Temple University in Philadelphia (Image via Temple University)
[This article was updated at 2:00 p.m., Tuesday, June 27, 2023, to include a comment from a University of Pittsburgh spokesperson.]
Pennsylvania House Republican leaders said Monday that their caucus withheld support for three state-related universities in votes on budget bills because the schools refused to guarantee they would not increase tuition.
The votes, which required support from two-thirds of the 203-member chamber, mean that $620 million in funding for Temple and Penn State universities and the University of Pittsburgh will be in limbo as the General Assembly works toward passing a budget by Friday’s deadline.
“They actually promised during the appropriations hearings that they would in fact raise tuition regardless of the amount of money they got. That’s a very big issue. And I don’t think it’s one that’s fair to students or families,” House Minority Leader Bryan Cutler, R-Lancaster, said.
A University of Pittsburgh spokesperson noted Cutler’s statement was inaccurate. In a March 21 House Appropriations Committee hearing, each of the four state-related university heads said they could not commit to freezing tuition if they received a proposed 7% increase in funding.
“For Pitt’s side, that’s because our Board of Trustees makes that decision, and Chancellor [Patrick Gallagher] can’t promise anything on their behalf,” spokesman Jared Stonesifer said.
A bill to provide $19 million in funding for Lincoln University, a historically black university in Chester County, passed with a 195-8 vote.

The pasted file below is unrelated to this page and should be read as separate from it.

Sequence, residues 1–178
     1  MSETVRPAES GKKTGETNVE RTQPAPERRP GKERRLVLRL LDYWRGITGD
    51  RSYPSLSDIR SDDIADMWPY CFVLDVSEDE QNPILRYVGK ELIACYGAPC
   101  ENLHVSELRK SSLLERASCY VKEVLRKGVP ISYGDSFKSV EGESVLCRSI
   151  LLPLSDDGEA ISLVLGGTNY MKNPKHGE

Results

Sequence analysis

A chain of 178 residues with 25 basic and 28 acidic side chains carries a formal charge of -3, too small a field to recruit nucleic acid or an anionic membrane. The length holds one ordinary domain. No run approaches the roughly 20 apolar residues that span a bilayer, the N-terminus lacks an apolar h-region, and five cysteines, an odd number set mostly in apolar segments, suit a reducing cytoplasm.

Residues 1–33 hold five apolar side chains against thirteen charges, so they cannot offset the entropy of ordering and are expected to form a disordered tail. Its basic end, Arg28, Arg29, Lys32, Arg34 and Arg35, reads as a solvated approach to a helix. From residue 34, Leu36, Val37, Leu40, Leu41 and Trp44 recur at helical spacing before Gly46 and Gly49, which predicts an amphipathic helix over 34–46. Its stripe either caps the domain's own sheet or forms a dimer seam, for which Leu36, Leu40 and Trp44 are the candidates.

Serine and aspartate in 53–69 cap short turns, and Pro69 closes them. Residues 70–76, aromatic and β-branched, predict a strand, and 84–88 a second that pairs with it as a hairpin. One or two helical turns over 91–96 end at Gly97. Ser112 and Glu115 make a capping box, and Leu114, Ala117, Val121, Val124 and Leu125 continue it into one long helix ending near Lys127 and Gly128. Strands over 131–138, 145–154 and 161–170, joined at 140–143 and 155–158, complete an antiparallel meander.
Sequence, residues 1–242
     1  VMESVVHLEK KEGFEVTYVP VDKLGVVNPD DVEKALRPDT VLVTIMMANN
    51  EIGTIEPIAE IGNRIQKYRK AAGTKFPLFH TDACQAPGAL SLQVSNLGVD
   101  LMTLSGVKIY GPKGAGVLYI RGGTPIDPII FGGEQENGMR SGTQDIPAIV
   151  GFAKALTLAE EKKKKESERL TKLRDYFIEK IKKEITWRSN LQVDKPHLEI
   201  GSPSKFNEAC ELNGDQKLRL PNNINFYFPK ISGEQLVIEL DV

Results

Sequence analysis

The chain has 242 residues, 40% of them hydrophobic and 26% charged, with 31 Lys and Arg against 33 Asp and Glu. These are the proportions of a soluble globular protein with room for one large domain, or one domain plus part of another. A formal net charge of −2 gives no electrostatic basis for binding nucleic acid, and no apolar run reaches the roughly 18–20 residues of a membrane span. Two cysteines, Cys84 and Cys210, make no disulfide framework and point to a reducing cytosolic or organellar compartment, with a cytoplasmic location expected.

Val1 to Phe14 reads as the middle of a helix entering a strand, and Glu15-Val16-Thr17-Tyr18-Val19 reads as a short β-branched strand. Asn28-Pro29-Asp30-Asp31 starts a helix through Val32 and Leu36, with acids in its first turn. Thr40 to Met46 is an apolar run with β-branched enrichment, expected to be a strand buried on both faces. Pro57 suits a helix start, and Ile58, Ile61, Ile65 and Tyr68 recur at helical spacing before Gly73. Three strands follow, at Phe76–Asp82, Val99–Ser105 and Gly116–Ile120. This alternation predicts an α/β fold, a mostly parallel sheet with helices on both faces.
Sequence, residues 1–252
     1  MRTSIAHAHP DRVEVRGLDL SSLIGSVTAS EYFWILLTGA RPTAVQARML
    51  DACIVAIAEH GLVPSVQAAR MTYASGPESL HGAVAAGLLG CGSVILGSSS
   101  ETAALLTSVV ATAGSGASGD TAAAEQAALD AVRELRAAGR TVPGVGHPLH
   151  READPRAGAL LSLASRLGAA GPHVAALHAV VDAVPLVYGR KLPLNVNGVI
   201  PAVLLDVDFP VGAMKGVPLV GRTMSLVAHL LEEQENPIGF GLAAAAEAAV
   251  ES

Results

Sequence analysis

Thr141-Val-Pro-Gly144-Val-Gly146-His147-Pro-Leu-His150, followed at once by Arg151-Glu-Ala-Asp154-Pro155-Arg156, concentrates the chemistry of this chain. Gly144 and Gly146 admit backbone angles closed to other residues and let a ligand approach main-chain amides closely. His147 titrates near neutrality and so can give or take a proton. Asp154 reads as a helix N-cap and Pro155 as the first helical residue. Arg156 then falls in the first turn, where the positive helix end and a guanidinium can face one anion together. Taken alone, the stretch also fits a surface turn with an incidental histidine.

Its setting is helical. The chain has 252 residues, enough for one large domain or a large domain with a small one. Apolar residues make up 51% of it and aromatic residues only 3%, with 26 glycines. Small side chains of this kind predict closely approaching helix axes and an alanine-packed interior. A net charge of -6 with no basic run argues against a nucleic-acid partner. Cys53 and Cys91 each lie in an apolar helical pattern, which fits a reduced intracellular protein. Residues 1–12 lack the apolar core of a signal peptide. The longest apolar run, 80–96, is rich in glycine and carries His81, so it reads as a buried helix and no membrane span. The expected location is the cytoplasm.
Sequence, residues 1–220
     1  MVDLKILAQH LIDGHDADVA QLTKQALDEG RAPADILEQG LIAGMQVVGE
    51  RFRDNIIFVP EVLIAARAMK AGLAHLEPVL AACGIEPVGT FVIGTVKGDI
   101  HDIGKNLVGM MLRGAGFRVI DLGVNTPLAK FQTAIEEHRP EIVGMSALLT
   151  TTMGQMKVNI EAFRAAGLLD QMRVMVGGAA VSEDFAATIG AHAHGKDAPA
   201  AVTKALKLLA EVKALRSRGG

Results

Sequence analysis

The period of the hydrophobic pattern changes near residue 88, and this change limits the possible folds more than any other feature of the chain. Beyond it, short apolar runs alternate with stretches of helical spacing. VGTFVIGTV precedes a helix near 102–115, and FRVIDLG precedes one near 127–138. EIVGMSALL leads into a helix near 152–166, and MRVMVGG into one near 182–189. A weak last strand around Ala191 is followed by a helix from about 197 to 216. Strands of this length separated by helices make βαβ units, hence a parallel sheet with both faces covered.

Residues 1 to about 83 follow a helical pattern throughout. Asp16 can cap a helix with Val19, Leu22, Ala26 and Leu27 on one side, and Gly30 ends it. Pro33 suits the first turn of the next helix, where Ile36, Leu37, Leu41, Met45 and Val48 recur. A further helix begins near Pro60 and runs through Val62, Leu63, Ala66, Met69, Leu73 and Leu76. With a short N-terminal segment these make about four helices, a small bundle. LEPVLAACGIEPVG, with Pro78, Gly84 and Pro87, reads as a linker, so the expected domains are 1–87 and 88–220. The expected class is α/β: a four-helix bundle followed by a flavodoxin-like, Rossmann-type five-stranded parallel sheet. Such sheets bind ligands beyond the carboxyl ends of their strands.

Cutler and York County Rep. Seth Grove, the ranking Republican member of the House Appropriations committee, immediately made motions to reconsider the three failed bills, which included standalone appropriations for Temple and Pitt and an omnibus bill that included funding for all four of the universities.
Funding for the state-related universities – land grant schools over which the state has minimal oversight – has traditionally been a lever of power for the minority party during budget negotiations because they require a two-thirds majority vote to pass.
Cutler said Monday that Republican lawmakers have not been invited to negotiate over the funding with the chamber’s Democratic majority, and said the GOP wants to see reform in the higher education system akin to that undertaken by the Pennsylvania State System of Higher Education.
The 10 state-owned universities have committed to holding tuition level for the fifth year in a row and have merged several campuses to improve efficiency.
The votes came Monday evening after the House extended a recess several times until 8 p.m. Cutler said House Democrats used “parliamentary gimmicks” to avoid discussion of the Republicans’ reform proposals on the floor.
“But we were ready to have those discussions,” Cutler said. “And we’re still waiting for our first invitation to do so.”
A spokesperson for House Speaker Joanna McClinton, D-Philadelphia, said McClinton and other Democratic leaders were unavailable to comment Monday night.
Rep. Malcolm Kenyatta, D-Philadelphia, tweeted that the vote against funding for the universities would ensure tuition increases of at least $5,000.
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